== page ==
**I should preface this post in saying that I am greatly generalizing in my very cynical rant about something I (use to) love to do.**
I received 31 holiday cards this season. No I’m not bragging. And yes, I’m grateful for each one.
All, but one, came from beautiful couples with and without beautiful children smiling up at me. One even had the parents blurred in the background. About three of the cards had actual year end updates on the back (which I hope for). Most pictures were professionally taken in bucolic woods or sunny beach backgrounds. Children wore matching outfits. Wives and husbands rested their hands on one another to suggest the loving couple they always are. Even the dogs were poised in happy well-behaved positions. The pictures that disappoint are those that only include the children. I want to see my friends, not just their children. My favorites are the ones where children did not cooperate in a staged attempt at happiness.
Holiday cards today have become to Americans a (sometimes fictitious) portrait display of the happy family or couple. I asked my Polish friend what Polish people would think if they received such cards. He said, “They’d think Americans are narcissistic. It’s a religious holiday to celebrate the birth of Christ, not a holiday to worship families.”
I have only one single friend, recently divorced, who continues to send out Christmas cards. While still married, she always sent holiday cards with pictures of her, her husband and dog. The year after the divorce I still received her holiday card, this time featuring a picture of (just) her and her dog, Frank. But this year’s did not contain a picture. Sadly, Frank died this year. When I asked her why this year’s card had no picture, she said, “It felt sad not to have one with Frank.” No significant other? No pet? No photos on the Christmas card?
I told one unmarried friend (in a relationship which she prominently displayed on the front and center of the card) that I didn’t send out Christmas cards anymore because I had nothing to show. “You have plenty of holiday card-worthy pictures!” she enthusiastically encouraged. What selection of pictures am I going to display? Here I am running a trail. Here I am talking to Katie Couric about my virginity. Here I am holding someone else’s dog or child. Here I am at my desk writing about my sad single life in my new house I share with nobody.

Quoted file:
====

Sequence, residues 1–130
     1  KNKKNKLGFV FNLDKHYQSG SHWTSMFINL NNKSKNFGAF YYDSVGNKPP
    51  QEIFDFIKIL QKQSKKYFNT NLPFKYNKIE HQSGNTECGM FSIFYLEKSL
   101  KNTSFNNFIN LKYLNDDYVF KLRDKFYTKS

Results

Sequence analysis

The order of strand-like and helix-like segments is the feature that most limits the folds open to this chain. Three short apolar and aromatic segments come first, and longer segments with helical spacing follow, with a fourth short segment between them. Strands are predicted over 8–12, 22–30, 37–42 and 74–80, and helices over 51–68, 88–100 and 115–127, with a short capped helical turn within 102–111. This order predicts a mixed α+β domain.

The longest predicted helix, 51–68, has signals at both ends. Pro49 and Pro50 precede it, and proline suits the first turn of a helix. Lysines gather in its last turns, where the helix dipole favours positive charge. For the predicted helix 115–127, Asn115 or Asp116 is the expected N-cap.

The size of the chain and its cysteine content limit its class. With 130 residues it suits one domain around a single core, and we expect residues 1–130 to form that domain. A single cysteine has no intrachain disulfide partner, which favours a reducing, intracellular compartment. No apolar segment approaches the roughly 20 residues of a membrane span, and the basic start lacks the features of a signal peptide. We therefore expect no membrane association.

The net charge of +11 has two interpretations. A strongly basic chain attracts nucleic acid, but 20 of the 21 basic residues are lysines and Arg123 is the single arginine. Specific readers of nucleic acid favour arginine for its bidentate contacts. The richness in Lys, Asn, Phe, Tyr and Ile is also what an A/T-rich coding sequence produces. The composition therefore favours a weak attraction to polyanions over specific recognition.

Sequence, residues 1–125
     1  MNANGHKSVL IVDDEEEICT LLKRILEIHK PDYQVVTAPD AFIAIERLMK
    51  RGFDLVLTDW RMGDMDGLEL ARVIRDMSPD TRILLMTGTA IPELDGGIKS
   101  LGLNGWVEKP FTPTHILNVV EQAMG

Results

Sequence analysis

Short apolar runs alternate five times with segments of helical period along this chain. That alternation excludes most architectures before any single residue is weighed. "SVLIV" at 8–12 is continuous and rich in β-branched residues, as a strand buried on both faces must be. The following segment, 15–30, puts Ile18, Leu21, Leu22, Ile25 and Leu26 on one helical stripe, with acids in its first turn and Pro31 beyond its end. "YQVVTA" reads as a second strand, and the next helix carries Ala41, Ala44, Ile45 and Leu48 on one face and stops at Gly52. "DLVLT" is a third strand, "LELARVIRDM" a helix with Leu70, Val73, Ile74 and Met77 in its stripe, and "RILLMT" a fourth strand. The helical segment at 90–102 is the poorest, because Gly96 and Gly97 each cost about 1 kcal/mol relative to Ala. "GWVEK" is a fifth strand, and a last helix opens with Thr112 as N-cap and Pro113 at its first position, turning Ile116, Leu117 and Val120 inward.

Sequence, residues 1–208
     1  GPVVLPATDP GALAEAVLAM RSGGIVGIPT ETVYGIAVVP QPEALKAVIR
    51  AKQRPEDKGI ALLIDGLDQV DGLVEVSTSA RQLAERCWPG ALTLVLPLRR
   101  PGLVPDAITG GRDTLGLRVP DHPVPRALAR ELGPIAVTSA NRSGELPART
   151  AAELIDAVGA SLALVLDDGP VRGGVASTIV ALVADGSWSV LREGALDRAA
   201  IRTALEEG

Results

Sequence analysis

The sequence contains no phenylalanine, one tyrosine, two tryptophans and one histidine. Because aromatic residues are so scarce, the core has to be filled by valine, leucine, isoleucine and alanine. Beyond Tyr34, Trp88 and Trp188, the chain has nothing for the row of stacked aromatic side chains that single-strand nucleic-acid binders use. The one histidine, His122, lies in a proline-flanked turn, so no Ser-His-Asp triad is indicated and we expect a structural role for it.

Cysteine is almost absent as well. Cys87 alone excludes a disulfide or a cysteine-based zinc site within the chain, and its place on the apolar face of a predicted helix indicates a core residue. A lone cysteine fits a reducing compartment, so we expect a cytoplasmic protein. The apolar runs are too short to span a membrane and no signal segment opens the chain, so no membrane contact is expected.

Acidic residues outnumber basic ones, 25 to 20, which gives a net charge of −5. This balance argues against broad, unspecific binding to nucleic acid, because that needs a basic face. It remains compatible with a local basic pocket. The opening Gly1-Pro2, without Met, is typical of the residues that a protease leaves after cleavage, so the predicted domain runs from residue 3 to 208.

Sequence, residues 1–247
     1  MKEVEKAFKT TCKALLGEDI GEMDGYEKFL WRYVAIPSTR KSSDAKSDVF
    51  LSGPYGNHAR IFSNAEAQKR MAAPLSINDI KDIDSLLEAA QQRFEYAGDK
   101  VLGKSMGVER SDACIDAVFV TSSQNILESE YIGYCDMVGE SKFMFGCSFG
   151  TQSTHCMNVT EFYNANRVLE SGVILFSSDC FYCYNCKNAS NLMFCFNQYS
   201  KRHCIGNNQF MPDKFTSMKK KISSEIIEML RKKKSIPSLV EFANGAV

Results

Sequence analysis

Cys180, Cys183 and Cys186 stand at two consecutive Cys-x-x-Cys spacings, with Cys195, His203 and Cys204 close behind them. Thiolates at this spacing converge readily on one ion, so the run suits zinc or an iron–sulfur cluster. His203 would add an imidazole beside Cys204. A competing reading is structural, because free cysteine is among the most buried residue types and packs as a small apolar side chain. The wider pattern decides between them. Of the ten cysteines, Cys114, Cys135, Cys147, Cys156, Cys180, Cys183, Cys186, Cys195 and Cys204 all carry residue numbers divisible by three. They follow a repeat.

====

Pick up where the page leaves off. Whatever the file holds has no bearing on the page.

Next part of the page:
I admit: I worry I’ll stop receiving cards since I don’t send them anymore. While visiting a friend’s house yesterday, I was admiring her prominent window display of holiday cards featuring professional looking portraits of friends. The other traditional Christmas cards without pictures were crammed together on the bulletin board. I noticed that she had received a portrait card from my friend I had introduced her to. They both have toddlers. With honest disappointment, I said, “Dang! You got a card from Nancy and I didn’t.” She explained, “Well, I sent her a card. Did you?” The trend I feared had begun: holiday cards exchanged (almost) exclusively between couples and families…because, well, they are the ones sending the cards.
Two years ago I sent out holiday cards to a select few. The picture (to the left) was one of me at Halloween dressed in a black leather catsuit and orange wig. The rando standing behind me dressed as Rudolph grabbed his reindeer nuts just as my friend snapped the picture. The caption? “Hope your holiday is balls of fun!”
Maybe I’m wrong, but I doubt many single men are faced with the somewhat mournful process of opening card after card from friends you usually only hear from during the holidays on Tiny Prints and Shutterfly pearl shimmer premium cardstock. First of all, it’s almost always the wife creating the card (and signing his name first). Second of all, men aren’t expected to send out cards to their buddies. When is the last time you saw a guy browsing the card aisle other than for a Mother’s Day, Father’s Day, Valentine’s Day, or a “Please Let Me Out of the Dog House” card.
I particularly feel bad when I go back home to Cincinnati and watch my mom open card after card from friends who only include pictures of their grandchildren. She would never say it, but I know she wishes she could send the same. I know, kids or no kids, husband or no husband, she’s still proud of me. When I was 23, it was ok to include a picture in our traditional New Year’s (because we’re always running behind) letter of her daughter in front of the Eiffel Tower. But now, “here’s a picture of my aging single daughter winning a 5k”, doesn’t quite feel right.
About 5 years ago I started sending out homemade cards at Valentines because a) nobody under the age of 10 sends friends Valentines cards and b) despite my cynical attitude toward holiday cards, I still believe in love (and that idyllic looking family standing in a colony of sun soaked golden aspen trees).